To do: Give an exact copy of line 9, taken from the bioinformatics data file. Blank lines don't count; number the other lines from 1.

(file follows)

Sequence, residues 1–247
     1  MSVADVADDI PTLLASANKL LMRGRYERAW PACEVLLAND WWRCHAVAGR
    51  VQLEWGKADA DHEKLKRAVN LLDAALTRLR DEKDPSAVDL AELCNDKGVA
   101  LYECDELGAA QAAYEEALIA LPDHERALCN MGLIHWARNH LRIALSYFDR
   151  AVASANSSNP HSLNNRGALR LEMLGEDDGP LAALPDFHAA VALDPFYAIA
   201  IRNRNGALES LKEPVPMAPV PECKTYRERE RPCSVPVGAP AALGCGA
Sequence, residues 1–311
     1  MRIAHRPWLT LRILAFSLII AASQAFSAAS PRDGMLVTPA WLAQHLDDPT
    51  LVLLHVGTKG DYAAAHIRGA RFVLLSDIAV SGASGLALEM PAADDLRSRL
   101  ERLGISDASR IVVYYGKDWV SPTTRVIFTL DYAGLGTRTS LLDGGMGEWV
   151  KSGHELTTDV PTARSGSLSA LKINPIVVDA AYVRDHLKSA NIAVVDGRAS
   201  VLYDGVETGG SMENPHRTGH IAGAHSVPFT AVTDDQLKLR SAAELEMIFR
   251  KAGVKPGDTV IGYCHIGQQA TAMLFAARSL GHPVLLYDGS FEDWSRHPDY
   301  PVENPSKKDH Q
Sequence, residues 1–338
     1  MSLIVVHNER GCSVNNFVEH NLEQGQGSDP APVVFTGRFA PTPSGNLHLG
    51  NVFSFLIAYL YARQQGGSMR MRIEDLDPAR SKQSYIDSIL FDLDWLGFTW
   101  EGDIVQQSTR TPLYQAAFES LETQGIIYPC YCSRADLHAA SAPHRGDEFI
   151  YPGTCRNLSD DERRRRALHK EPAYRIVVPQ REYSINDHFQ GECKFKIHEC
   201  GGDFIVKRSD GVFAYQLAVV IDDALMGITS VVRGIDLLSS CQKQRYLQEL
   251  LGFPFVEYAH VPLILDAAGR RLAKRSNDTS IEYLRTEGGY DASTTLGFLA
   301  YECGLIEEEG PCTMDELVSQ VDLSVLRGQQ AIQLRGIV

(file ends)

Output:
    51  LVLLHVGTKG DYAAAHIRGA RFVLLSDIAV SGASGLALEM PAADDLRSRL